Have you ever wondered what your passengers would do if you gave them unlimited high-speed in-flight internet bandwidth during their flights?
The numbers are in: 88% of them would stream.
That figure comes from an experiment Panasonic Avionics did in partnership with a major airline starting at the tail end of 2020, to see how providing high-quality wireless internet would affect the passenger-airline relationship.
There were three main points of the experiment:
- To understand if better Wi-Fi boosted passenger loyalty;
- To see if better Wi-Fi helped airlines better understand passenger behavior;
- To evaluate whether better Wi-Fi correlates to increased revenue potential.
Keep reading to find out the results.
What Passengers Did With Better Wi-Fi
The Wi-Fi experiment began with a whisper: the unlimited service was quietly turned on for 109 aircraft without much promotion at all.
As soon as the service became available, though, passengers discovered it. The data we collected shows that almost immediately, passengers began streaming. During the trial, average user engagement time increased by 23%, and passengers watched an average of 41 more minutes of streaming content. Meanwhile, data consumption per flight leaped from 1.6GB pre-trial to 3GB during the trial.
Netflix and YouTube were the main video-streaming channels passengers turned to, while music lovers turned on their Spotify and Apple Music apps to stream. Social channels such as TikTok and Instagram—specifically, Instagram Video—were also top choices.
The Impact of Better Wi-Fi on Airline-Customer Relations
The trial coincided with holiday travel times—the highest travel numbers have been since the start of the pandemic. Even with more passengers, though, there were far fewer customer support tickets and complaints about slow internet onboard flights. In fact, December saw a 46% decline in tickets when compared to October, while January saw a whopping 61% decrease.
More satisfaction with the Wi-Fi service and higher engagement times with streaming apps can teach us a couple of things. One, that fast, reliable in-flight internet is a cornerstone of the passenger experience. Two, that heavier usage of streaming apps—via passengers’ personal devices, or the seatback screen—also gives airlines a big opportunity to increase revenue-generating ads and content.
The Technical Details
From an airline’s perspective, getting high-speed internet onto aircraft isn’t as difficult as it once was. This is thanks to airline partners’ major investments in satellite and connectivity technology.
Panasonic Avionics’ latest IFEC investments to hit the market revolve around its Gen-3 Ku-band satellite communications network and new Newtec modems. This is the technology behind the Wi-Fi trial.
“Connectivity is integral to the success of Panasonic Avionics and we are committed to the long-term investment of our Gen-3 network and the technology that supports it.” said Jeff Sare, Vice President of In-Flight Connectivity Services. “Our recent upgrade, including enhancements to our network infrastructure will enable us to redefine the in-flight entertainment experience—now and into the future.”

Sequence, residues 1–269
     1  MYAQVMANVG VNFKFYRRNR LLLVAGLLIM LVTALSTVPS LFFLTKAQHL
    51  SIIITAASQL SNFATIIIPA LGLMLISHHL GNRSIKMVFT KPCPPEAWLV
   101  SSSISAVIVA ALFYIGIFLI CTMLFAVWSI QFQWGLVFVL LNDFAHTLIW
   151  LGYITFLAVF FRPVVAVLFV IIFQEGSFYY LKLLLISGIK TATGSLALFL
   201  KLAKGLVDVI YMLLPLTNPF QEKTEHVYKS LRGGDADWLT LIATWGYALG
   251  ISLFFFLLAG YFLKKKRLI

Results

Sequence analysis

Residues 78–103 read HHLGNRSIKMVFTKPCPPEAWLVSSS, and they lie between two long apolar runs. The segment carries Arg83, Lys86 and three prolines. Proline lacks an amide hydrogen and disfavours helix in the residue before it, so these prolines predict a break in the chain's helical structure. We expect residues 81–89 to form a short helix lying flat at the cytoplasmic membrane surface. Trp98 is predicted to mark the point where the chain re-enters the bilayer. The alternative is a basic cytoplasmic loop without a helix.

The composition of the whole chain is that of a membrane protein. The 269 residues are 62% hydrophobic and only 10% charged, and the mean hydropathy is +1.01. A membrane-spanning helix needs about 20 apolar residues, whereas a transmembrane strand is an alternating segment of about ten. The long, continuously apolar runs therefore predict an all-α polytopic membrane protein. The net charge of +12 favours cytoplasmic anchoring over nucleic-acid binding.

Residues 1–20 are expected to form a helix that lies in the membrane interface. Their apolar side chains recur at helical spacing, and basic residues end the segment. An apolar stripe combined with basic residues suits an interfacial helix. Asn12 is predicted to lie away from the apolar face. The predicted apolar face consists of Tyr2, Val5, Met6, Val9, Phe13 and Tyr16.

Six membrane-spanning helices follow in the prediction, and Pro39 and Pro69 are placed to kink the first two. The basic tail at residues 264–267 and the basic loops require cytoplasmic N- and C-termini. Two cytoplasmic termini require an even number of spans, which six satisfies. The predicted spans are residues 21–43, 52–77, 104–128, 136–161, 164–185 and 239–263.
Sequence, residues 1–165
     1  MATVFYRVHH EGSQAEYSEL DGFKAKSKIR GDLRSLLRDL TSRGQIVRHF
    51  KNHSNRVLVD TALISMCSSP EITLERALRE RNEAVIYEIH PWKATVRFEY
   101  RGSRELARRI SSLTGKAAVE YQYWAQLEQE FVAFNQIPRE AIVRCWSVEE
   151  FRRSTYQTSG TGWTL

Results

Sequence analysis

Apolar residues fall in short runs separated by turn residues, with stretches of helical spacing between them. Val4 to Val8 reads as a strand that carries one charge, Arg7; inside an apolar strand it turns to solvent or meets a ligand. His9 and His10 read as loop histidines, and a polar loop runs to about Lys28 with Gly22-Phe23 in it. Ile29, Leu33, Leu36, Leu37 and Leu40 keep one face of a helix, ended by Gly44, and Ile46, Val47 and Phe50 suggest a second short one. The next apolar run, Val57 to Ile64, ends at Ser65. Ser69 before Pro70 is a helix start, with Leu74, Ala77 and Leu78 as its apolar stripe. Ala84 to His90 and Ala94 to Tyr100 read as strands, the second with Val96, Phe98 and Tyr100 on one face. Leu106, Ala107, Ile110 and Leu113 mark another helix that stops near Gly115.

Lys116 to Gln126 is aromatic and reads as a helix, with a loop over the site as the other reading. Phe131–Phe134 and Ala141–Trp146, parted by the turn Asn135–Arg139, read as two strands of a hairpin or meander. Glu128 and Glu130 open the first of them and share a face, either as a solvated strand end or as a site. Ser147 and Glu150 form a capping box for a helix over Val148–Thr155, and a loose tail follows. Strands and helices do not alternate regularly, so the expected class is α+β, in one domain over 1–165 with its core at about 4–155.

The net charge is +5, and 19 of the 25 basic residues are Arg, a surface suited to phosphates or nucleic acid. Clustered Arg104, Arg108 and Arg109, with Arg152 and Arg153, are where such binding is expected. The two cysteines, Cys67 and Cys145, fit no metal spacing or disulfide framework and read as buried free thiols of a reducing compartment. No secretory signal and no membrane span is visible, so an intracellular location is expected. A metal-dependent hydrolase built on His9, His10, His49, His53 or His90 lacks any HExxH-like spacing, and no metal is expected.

Panasonic’s migration from its previous generation of IFEC technology not only means faster browsing and more reliable video streaming. It also enables 4G and VoIP phone services and powers Live TV channels including Sport 24.
“Connectivity is integral to the success of Panasonic Avionics and we are committed to the long-term investment of our Gen-3 network and the technology that supports it.”Jeff Sare
Vice President of In-Flight Connectivity Services
A World Of Difference
As the trial proved, passenger demand for high-speed, high-quality internet onboard aircraft is growing. This is owed to a few phenomena, including:
- Increase in long-haul flights;
- Passengers have more connected devices;
- Higher customer expectations for technology and airlines.
In 2021 and beyond, airlines may also see a growing number of work-from-anywhere travelers, who—like conventional business passengers—expect to stay connected throughout their flights. That’s on top of the regular consumer, who just wants to use their phone as easily on a plane as they do in their living room.
A 2020–2025 industry forecast by IMARC Group notes that “increasing adoption of wireless entertainment solutions” is driving major growth in the airline market. “Furthermore,” the report continues, “the increasing preference for luxury air travel with premium in-flight facilities is augmenting the market growth. IFEC systems provide personalized wireless and seat-centric entertainment to passengers. They are also lightweight, which aids in minimizing the aircraft’s overall weight and improving fuel efficiency.”
The continued uptake of bring-your-own-device (BYOD) will also drive the market further, the report also notes. Altogether, new demands and expectations for in-flight services are encouraging airlines to develop branded experiences for BYOD and seatback in collaboration with IFEC manufacturers.
Airlines that do embrace a high-speed, reliable connectivity service, whether paid or free, are far better positioned to meet passenger needs now and in the future. In the post-pandemic recovery era, maximizing in-flight connectivity will be a major difference-maker.